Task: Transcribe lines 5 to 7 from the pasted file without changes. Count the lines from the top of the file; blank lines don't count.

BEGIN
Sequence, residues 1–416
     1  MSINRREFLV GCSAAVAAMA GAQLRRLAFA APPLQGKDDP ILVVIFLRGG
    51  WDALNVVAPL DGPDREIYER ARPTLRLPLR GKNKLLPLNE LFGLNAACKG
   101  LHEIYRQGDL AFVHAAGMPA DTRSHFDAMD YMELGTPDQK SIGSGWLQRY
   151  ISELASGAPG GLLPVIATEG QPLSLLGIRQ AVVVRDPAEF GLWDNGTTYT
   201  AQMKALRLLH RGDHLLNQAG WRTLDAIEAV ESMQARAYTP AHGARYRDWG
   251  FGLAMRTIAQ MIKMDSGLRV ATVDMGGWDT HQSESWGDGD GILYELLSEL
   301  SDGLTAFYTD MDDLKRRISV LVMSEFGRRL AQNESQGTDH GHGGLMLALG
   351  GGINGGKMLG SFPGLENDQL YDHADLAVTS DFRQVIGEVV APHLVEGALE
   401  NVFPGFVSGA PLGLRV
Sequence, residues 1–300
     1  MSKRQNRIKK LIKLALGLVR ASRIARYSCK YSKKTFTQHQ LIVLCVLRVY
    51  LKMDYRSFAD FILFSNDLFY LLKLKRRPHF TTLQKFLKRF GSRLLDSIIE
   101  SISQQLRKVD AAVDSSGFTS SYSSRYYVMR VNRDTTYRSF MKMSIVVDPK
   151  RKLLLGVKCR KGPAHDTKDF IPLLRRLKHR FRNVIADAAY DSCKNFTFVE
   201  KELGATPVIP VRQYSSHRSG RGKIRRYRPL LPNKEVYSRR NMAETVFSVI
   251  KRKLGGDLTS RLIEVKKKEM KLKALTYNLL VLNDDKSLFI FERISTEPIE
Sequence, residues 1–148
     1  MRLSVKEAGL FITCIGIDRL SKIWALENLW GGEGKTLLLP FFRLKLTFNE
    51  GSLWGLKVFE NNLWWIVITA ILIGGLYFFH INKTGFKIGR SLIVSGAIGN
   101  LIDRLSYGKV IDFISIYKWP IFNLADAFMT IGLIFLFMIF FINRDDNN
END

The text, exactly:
   151  ISELASGAPG GLLPVIATEG QPLSLLGIRQ AVVVRDPAEF GLWDNGTTYT
   201  AQMKALRLLH RGDHLLNQAG WRTLDAIEAV ESMQARAYTP AHGARYRDWG
   251  FGLAMRTIAQ MIKMDSGLRV ATVDMGGWDT HQSESWGDGD GILYELLSEL